For small to medium-size businesses, hiring a new employee represents a significant commitment of time and money. The right employee, whether for an entry level position or an executive management role, can increase productivity, improve company culture and ultimately grow the bottom line.
Employees also play a key role in succession planning and can be viable buyers of the company through a management buyout (MBO). A company’s valuation and ability to access financing will also improve as lenders and investors view the depth and breadth of a strong management team positively.
Consider these factors when going through the hiring process to improve your chances of hiring the right candidate:
#1. Clearly define what you need. Outlining an accurate and concise role description based on the needs of the business will help attract more relevant candidates. While being generic does provide a wider pool of talent, it also means more time meeting with prospective employees and potentially increases reputational risk. The hiring process represents a significant commitment of time by candidates as well and providing a positive experience, whether or not they are hired, can help attract high-caliber talent for future positions.
#2. Stick to the plan. You might meet candidates that would be a great fit for the organization, but not necessarily for the position you’re hiring. Focus on who you think will be the best candidate for what you need now. Keep in touch with potential hires and continue to review their fit against the strategic objectives of the organization. It can also be a great way for both sides to get to know each other better and make for a more efficient hiring process when positions become available.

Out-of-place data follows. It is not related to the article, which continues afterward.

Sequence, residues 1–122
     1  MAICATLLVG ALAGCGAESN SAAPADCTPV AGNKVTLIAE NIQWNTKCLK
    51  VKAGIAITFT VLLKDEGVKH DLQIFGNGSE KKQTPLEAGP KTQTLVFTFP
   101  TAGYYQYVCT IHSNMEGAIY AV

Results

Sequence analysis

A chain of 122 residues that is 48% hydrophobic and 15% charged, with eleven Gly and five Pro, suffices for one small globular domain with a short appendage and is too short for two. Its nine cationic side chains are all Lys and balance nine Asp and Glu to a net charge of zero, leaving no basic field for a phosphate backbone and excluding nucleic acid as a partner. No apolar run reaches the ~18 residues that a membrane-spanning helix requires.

#3. Recognize confirmation bias. Managers tend to view candidates with personalities similar to theirs favorably. While hiring yourself may result in increased compatibility and allow you to implement your ideas and suggestions more quickly, you may be foregoing benefits to the organization at large. Hiring employees with diverse character traits and dissimilar personalities can allow companies to reduce group think and lead to better decision-making – positively impact company brand, and attract a broader range of customers.
#4. Take your time. While there can be pressure to fill a vacancy immediately to alleviate current demand, in the long term it’s beneficial to ensure you find and hire the best candidate for the position. The right employee can be transformative to an organization, while settling may have you back reviewing another round of applications within a short period of time. Get to know your short list of candidates and don’t be afraid to go back to market.
#5. Get a second opinion. If unsure on who to select consider having your candidates meet additional company employees. While they may not be directly involved in the hiring process, or have detailed knowledge of the technical requirements for the position, they can provide valuable input on how a candidate may fit within the existing corporate culture. Certain employees may also have gained experience hiring talent with previous organizations – make efforts to leverage this knowledge.
Your odds of hiring the best available candidate for a position can be increased by utilizing a structured process that is collaborative, leverages previous experience and focuses on driving forward key strategic objectives.